Expert Witness Blog Interview With Personal Injury Attorneys Marty Rutberg & Steven H. Cohen

We asked Personal Injury Attorneys Marty Rutberg & Steven H. Cohen, of the Poughkeepsie, NY law firm Rutberg Breslow, to answer some questions on working with expert witnesses. Here are their responses.

1. What has an expert done that made a positive difference in a case?

Mr. Rutberg: Perhaps the most effective aspect of good expert testimony is explaining complex subject matter in plain language.

Mr. Cohen: Expert testimony is needed when the issue is beyond the normal life experiences or ken of the average juror. An expert can give an opinion that a particular condition or product is unsafe and violates certain recognized standards or laws. In a recent case we had against a municipality, our parks expert opined that an object placed in a parking lot by a city employee to control traffic was dangerous and violated good and safe parks practices. The expert’s clear explanation of why and what safer alternatives were available made a positive difference in that case.

2. What has an expert done that hurt their side?

Mr. Rutberg: Jargon kills
Mr. Cohen: Usually a defense expert will ignore an important fact or facts when arriving at an opinion that is helpful to the defense. In a case we had against a waterpark the defense expert ignored the fact that the park knew the ride was unsafe and opened the ride before receiving the correct and safe riding tubes. Once I asked him to assume these facts as true, he was forced to admit that his earlier opinion that the ride was safe was wrong and he then opined, given all the facts, the ride was unsafe.

3. What advice can you give experts to best handle cross-examination?

Mr. Rutberg: Never be led down the garden path of incremental concessions through yes/no questions, HOWEVER do not argue what can not be argued – If what the cross examiner says is true, say it is true and move on. By arguing about something obvious you make the case about you instead of about the facts. For example, the answer to “You never examined the plaintiff yourself, did you ?” is “No” not “Examination was not necessary”. The latter is information to be transmitted on direct or on redirect.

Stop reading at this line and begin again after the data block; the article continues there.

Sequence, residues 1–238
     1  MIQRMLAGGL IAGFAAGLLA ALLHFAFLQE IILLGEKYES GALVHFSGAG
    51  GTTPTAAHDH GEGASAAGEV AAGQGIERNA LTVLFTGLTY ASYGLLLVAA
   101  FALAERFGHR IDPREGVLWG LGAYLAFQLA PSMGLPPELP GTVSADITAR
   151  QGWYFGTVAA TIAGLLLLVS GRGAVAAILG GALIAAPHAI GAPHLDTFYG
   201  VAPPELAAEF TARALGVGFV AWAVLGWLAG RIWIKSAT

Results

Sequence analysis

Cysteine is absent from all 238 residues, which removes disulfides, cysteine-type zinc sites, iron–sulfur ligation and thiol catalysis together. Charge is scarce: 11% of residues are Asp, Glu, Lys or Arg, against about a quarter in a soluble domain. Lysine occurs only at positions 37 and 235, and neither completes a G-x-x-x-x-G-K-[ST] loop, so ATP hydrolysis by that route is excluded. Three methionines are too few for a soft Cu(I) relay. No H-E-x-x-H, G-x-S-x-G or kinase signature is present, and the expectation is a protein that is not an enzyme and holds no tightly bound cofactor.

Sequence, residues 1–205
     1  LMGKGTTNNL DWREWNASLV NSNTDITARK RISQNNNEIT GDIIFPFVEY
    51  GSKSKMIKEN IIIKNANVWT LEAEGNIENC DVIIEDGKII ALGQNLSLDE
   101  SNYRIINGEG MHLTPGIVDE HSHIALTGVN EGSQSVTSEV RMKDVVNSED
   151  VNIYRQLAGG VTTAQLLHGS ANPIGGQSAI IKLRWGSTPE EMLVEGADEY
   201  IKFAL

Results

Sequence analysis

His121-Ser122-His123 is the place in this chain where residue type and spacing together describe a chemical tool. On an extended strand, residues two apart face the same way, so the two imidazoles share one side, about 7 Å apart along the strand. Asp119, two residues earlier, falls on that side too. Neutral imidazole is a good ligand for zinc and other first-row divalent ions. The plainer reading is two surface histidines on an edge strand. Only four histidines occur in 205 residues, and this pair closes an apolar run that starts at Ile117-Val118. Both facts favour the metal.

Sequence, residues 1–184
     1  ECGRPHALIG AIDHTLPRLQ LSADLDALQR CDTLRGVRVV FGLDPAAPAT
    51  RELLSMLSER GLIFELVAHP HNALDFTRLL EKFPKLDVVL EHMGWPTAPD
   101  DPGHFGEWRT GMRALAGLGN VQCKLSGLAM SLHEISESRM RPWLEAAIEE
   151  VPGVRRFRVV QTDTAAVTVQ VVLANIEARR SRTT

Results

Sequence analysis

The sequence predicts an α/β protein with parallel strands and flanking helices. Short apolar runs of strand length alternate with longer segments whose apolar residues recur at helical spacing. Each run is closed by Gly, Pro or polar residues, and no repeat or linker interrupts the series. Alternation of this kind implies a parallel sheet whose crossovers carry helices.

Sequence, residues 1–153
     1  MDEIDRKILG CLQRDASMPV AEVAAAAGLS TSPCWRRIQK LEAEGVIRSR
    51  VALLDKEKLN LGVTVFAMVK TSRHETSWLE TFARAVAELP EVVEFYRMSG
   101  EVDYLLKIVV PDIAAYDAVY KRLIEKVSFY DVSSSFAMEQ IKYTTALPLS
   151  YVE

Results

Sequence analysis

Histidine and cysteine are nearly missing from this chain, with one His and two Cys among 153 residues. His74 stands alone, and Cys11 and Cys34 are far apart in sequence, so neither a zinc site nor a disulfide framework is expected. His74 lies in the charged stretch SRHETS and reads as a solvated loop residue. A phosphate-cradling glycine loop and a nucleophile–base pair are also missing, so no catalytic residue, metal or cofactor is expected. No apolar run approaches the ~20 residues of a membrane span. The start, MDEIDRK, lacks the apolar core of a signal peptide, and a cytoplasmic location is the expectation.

Mr. Cohen: Be honest, forthright and agree with those questions being asked on cross that must be agreed with. To do otherwise makes the expert appear less credible. Don’t fight with the other lawyer. We will have a chance on re-direct to address anything that needs to be addressed.

4. How should an expert answer the question about being paid to provide an opinion?

Mr. Rutberg: When asked “Do you have an opinion which you can state with a reasonable degree of XXXX certainty as to whether _____________?” the correct answer is “I do have such an opinion”. The next proper question and answer is “What is Your opinion ?” and a one sentence statement, i.e. “the accident was caused by excessive speed” The next question is “Please explain your opinion” and the answer is the expert’s extended statement of his finding and opinion. This is the one and only correct and effective way to present opinions to the jury.

Mr. Cohen: Answer it honestly. Jurors expect experts to be paid for their time and expertise. This is something we usually cover during jury selection so there is no “aha” moment when the expert is asked about it on cross. You can also cover it yourself with your expert on direct exam and address the issue that way.

5. How should an expert handle evidence that is hurtful to the case?

Mr. Rutberg: Never overstate the case. Never say anything you can not repeat under oath or which you would not teach to students of your profession
Mr. Cohen: Never deny that such evidence exists unless its existence is truly disputable Explain why that evidence is not controlling under the circumstances of this case.